Tri-County Vanguard

Their first kiss, but not their last


As we say goodbye to 2021 and welcome in 2022, as part of our Year in Review Tina Comeau is re-sharing a ‘Tina's pick' of a column she wrote during this past year that warmed her heart and yours as well.

My dad says the first time my mom kissed him, he fell in love.

He was from Meteghan. She from Church Point.

He told me this story for the first time in May, which, if you know my dad Alain, is remarkable because he tells a lot of stories. I've heard the same ones many times.

Then he told me about the time he and she had gone for a drive while dating and their vehicle got stuck in the mud. He got out to push and rock the car and had told mom to press lightly on the gas when he gave her the signal.

Except that she didn't press lightly.

“Vrrrooommm­m!” he said, telling the story. “I was covered from head to toe in mud.”

I'd heard this story before. This time was different. Not just because it seemed more so than ever he could not stop laughing – but because at the time he was really missing mom.

At the time, she was in the hospital for a couple of days being treated for an injury after a fall in our yard.

My dad was emotional, mixed up, confused, sad and scared.

As he ages, we see changes in him. One change is he's become very protective of mom.

He depends on her more than ever. He loves her more than ever.

While mom was in the hospital, I spent my days at their house to keep dad company and to reassure him that everyone was taking good care of her, which they were.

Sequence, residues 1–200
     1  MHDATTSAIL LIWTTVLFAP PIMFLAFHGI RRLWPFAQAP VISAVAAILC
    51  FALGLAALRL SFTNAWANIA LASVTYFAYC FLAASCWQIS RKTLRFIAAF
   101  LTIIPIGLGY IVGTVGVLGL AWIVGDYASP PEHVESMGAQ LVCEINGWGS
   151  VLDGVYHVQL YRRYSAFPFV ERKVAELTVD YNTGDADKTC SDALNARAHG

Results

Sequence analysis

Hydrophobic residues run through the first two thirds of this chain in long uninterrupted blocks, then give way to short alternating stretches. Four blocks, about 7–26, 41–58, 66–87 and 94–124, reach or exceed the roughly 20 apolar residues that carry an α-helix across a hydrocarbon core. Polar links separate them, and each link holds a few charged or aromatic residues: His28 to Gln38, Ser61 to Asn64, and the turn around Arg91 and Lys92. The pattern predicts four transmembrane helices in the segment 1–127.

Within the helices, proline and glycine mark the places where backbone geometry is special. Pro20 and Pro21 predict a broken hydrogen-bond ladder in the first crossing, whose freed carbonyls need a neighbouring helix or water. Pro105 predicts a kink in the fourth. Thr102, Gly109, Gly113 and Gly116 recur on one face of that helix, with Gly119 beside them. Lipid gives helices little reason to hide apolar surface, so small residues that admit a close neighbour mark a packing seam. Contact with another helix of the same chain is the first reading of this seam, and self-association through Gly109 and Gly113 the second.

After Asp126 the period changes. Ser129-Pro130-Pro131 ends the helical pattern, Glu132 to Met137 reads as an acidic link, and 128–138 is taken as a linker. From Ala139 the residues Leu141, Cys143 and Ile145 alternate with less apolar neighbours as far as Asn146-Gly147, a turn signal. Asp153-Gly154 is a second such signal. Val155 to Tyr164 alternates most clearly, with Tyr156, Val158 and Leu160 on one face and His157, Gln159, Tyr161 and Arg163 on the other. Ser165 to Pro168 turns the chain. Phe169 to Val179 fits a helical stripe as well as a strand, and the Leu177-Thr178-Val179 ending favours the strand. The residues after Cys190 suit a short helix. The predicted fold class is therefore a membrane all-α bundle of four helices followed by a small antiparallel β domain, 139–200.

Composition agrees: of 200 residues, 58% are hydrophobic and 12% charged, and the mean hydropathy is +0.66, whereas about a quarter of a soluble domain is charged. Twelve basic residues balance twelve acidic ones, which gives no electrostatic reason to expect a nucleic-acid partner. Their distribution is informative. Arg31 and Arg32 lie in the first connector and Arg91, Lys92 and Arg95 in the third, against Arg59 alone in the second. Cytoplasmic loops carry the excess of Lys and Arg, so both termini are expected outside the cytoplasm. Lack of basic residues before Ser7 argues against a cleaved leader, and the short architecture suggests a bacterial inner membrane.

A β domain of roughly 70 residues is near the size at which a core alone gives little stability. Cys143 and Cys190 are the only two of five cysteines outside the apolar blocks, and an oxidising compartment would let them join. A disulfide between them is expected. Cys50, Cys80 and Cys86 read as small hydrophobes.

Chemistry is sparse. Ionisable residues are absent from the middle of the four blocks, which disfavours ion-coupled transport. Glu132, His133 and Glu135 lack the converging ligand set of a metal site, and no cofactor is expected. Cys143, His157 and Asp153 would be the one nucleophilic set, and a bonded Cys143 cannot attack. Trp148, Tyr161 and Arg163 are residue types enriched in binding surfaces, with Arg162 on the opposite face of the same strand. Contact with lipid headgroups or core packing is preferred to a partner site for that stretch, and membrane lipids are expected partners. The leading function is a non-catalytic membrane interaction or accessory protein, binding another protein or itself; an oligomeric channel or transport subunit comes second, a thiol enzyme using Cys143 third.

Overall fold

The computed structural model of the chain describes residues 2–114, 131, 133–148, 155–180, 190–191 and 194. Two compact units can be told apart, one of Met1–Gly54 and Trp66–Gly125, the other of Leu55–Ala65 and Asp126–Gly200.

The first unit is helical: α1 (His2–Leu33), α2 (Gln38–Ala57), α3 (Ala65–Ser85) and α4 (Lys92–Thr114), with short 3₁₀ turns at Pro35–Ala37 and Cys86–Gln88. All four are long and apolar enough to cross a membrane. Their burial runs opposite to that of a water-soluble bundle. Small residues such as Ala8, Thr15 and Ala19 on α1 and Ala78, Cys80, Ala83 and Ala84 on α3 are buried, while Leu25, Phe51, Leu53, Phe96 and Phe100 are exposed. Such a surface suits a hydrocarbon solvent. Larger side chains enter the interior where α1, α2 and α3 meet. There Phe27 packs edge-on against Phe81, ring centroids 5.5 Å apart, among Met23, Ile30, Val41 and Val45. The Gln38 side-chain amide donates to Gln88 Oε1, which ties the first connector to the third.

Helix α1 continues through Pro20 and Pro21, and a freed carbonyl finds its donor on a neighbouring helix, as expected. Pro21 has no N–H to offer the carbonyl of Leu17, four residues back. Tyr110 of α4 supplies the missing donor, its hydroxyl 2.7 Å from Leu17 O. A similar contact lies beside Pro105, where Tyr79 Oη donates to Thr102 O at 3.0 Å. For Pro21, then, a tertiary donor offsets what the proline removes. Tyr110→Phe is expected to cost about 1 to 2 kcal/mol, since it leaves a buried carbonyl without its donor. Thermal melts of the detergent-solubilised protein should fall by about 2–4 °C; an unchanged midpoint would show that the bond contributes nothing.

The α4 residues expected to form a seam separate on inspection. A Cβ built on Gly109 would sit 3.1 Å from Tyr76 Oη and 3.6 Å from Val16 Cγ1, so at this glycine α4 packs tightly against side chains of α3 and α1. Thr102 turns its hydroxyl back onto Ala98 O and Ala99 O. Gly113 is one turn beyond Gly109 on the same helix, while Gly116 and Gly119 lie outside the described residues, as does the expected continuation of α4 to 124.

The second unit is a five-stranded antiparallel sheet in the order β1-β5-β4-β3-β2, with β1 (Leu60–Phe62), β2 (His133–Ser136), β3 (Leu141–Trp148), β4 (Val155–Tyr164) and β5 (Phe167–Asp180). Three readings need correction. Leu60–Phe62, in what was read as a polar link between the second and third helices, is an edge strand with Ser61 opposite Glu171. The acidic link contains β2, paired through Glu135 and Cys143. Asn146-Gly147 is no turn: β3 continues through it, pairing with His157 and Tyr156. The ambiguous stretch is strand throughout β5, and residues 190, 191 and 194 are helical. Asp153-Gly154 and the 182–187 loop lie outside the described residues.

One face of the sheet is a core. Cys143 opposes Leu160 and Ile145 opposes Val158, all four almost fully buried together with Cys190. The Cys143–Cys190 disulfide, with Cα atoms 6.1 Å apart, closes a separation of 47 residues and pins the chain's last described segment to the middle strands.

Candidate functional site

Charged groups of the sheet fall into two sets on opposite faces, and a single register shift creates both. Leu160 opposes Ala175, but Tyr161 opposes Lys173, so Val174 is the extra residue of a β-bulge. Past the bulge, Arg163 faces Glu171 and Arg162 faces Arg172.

We couldn't visit because of COVID restrictio­ns, making a bad situation worse.

These two do everything together. Before COVID hit in 2020, their morning ritual always involved going to Tim Hortons for a coffee and chatting with friends.

Most of my friends would see my parents together at the rink. For more than 15 years, they'd be there for home hockey games of my sons Jacob and Justin, as well as most away games and tournament­s. I recall a Barrington friend once telling me how excited her young son was when they pulled into a parking lot and he saw their car.

“Yay!” he had said. “Al and Marie are here!”

They've also been Yarmouth Jr. A Mariners season ticket holders since 2002, sitting in the same section since the team came to town.

Aside from the rink, another favourite spot is our camp in Meteghan.

I know I can count on mom and dad for anything and everything. That was even more evident after a hurricane passed through the area many years ago. After an extended power outage, it was a couple of weeks before I noticed our freezer in the basement had not come back on, despite seeming like it had.

My husband was away fishing, so I did the only logical thing – I called mom and dad.

I'll never forget the image of my dad carrying a bloated, rotting, stinky, dripping, Butterball turkey across our driveway and telling mom and me, “It's gonna blow!”

While I know a lot about these two, admittedly, I don't know their whole story.

But I got more of a sense of it seeing dad so emotional when he couldn't be with mom.

On the second night she was going to be in the hospital he asked me if I could drive him to the hospital. He thought it would cheer mom up if we waved to her from outside her window.

“It will make her so happy,” he said.

But I knew it was really him who needed to see her.

He was so excited as we drove there. They've been married 53 years, and yet it felt like I was driving him to their first date.

We found the window she was in. My dad waved and smiled and talked to her on the phone. He had brought his camera and took pictures of her too.

As we were driving home, he said to me, “Marie was always a pretty woman. When I saw her in the window it made my heart speed up. Thank you, Tina.”

And then he told me about that first kiss, telling me, "I just fell in love."

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